The 2021 pretender is Kathy Hochul, who would become governor for roughly 16 months.  Plenty of time for a lot of bad stuff to happen.  Hochul’s resume includes a single term in Congress, but generally registers skim to 1% on the Butyrometer.  Can one recall all the important tasks assigned her by Andrew?

Kathy Hochul

We vividly recall her work as Erie County Clerk in 2007, a position she was appointed to by Governor Eliot Spitzer.  When in that same year said governor attempted to make the state safer and relieve the suffering of hundreds of thousands of undocumented by (once again) allowing them to drive with licenses, it unleashed a national shitstorm.  This included a nightly cable TV auto-da-fé led by grand inquisitor Lou Dobbs and contributed to Obama beating Clinton because Barack backed Eliot over Hillary’s equivocation and vacillation toward her own governor, who had endorsed her over Obama.  There were even New York state officials who vowed not only not to enforce the proposed law if enacted but in Hochul’s case to arrest the immigrants who attempted to lawfully obtain licenses.  Hochul’s profile in courage and devotion to the rule of law.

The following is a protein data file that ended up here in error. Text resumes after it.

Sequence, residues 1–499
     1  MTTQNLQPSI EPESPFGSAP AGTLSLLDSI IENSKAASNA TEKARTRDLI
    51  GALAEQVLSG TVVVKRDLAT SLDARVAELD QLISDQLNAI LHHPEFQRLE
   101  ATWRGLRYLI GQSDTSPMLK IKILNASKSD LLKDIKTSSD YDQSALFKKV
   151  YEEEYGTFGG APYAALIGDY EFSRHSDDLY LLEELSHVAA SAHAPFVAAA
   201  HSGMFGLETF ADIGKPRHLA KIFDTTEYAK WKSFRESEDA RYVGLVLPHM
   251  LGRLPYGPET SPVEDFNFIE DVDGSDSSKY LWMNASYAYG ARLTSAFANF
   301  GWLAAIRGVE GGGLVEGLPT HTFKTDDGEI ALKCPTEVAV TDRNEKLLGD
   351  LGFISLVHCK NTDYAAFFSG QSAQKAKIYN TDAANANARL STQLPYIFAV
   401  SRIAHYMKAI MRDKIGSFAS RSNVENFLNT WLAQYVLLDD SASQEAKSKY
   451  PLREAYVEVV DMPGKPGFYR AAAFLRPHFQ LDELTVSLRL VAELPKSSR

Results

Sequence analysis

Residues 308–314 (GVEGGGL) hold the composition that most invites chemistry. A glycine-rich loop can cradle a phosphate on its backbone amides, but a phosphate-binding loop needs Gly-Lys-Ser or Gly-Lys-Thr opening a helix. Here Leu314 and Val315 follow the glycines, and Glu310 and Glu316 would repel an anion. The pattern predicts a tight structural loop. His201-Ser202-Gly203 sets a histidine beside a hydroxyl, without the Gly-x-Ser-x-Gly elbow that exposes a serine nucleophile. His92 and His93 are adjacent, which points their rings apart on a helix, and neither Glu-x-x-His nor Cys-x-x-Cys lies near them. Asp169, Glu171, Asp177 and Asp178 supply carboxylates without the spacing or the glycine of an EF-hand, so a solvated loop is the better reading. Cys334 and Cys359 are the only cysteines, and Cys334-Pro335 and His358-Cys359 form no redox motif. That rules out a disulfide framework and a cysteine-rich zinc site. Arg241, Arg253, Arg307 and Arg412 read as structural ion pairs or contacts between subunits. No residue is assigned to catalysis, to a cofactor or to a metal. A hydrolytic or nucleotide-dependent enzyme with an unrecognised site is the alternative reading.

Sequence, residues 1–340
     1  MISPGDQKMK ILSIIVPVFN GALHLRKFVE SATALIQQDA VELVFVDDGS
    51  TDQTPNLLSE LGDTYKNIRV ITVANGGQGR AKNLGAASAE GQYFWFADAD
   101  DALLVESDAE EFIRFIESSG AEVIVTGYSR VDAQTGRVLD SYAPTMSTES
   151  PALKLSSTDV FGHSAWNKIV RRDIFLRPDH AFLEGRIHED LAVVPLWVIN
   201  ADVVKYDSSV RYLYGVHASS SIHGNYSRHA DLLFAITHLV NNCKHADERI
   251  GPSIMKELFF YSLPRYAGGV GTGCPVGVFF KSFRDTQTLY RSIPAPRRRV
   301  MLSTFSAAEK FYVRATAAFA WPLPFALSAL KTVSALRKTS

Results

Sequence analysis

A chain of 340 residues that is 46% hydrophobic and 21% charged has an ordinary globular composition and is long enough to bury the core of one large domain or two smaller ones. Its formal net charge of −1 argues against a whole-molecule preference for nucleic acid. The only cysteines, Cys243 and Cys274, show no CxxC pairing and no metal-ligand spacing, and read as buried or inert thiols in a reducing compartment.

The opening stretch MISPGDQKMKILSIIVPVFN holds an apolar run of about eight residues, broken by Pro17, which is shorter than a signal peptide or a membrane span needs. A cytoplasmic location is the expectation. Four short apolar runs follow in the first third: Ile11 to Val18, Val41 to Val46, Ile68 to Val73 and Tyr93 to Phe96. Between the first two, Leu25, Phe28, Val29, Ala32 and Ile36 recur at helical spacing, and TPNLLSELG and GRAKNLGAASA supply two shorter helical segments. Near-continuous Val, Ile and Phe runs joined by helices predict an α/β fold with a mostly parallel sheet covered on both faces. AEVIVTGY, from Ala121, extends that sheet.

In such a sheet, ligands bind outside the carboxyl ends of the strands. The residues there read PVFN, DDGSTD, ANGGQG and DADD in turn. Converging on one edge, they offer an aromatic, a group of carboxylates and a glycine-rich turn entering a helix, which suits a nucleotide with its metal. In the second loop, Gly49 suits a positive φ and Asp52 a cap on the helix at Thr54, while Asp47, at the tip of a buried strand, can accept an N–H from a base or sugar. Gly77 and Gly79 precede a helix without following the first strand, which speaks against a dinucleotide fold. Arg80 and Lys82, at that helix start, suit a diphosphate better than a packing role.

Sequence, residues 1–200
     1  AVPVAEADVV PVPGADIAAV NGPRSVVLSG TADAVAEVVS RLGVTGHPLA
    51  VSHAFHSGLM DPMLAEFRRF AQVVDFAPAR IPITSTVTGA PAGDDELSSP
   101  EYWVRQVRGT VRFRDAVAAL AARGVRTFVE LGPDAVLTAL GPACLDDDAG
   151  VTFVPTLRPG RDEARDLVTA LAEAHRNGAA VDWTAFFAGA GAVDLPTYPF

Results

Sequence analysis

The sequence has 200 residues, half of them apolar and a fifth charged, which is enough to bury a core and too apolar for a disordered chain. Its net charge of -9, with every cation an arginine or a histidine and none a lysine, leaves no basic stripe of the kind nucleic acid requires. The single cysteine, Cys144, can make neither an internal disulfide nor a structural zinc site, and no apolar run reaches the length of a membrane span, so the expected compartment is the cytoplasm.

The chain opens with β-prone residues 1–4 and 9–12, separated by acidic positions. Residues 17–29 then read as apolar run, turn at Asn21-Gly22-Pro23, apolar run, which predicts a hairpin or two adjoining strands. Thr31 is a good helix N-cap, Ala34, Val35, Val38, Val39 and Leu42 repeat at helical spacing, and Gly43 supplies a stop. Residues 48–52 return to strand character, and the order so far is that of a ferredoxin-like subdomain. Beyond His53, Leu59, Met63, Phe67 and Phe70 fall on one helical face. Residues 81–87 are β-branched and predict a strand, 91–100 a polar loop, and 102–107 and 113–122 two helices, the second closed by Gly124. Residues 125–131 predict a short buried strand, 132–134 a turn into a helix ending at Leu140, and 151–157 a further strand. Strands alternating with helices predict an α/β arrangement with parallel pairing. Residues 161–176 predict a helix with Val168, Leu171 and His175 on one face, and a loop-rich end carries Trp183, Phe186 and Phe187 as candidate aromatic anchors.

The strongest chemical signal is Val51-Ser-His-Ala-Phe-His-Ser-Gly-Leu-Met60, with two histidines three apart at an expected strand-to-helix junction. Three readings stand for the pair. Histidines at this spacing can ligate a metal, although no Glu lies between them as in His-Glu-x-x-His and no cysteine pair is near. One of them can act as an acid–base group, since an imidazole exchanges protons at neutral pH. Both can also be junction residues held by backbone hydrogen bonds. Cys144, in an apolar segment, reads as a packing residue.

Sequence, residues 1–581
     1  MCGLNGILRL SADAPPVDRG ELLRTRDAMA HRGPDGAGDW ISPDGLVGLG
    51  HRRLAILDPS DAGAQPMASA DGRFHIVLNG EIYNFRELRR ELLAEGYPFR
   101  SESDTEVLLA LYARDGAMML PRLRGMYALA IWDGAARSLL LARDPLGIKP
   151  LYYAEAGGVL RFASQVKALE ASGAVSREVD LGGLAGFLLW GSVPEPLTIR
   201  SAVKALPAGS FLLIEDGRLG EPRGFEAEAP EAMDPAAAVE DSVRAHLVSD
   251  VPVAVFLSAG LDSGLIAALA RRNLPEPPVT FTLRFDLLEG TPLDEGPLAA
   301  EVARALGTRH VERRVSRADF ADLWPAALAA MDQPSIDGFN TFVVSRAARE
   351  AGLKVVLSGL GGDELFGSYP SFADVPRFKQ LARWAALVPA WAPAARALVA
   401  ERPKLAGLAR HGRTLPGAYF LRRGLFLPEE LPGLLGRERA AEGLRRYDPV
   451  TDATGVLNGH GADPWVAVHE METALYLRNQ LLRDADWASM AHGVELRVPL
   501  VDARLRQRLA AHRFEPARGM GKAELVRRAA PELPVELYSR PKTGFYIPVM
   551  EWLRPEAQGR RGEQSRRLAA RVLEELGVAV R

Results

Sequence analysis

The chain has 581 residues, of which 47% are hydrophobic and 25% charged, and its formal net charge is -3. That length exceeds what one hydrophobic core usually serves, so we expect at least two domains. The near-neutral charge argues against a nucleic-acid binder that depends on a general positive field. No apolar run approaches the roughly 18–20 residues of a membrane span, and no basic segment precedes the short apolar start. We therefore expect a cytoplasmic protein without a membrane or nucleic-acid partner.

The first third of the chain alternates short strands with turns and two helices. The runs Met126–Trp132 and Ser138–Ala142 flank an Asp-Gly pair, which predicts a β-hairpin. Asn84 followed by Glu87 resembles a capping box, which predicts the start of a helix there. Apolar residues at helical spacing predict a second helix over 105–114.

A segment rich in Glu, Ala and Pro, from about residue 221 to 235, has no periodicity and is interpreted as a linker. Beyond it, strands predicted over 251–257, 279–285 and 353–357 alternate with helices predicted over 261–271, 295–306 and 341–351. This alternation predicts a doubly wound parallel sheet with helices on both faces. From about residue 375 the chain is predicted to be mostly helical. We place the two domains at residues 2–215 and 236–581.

A friend and member of congress tried to assure us that Hochul would keep the trains running on time (my metaphor and allusion).  But it was cold comfort.  When she left her county clerk’s office almost $800K in checks to the county were found in backlogged mail piled up in her office.

Let us “make one thing perfectly clear.”  We know Andrew, don’t like him, have tussled with him, turned him down when invited to chair his transition to Attorney General and know there have been investigations of his conduct in the past that were not appropriately pursued.  Preet Bharara’s name springs to mind.  We would not vote for him, should he run in 2022.

A second clear thing is that Andrew has been a good governor earning our overall B+ rating and an A for his skillful handling of the pandemic.  See HLs 125, 126, 129 and 131.

A third is that the process that is due him has not yet occurred.  Unlike the governor we advised, Andrew denies the serious allegations, still unproven, while admitting to those involving atrocities such as the wedding kiss.

William Sulzer

When we advised Spitzer to fight for his office he asked what was our estimate of success.  25% to 50% we said then and of course Andrew’s is far less, but not nothing.  If he refuses to resign through trial of his highly likely impeachment and fights and succeeds at staying in office (as we recall “deadduck” Governor Ralph Northam did to the great benefit of Virginia) he will spare New York 16 awful months.  And like Northam, he will assist in restoring something that seems to have gone lost and forgotten.  Elective executive positions like governor, President and mayor are not jobs like yours or ours.  They morally require the elected to serve until dead or removed under the law.

One must serve until then not just until a group of political adversaries demand nullification of the will of the electorate.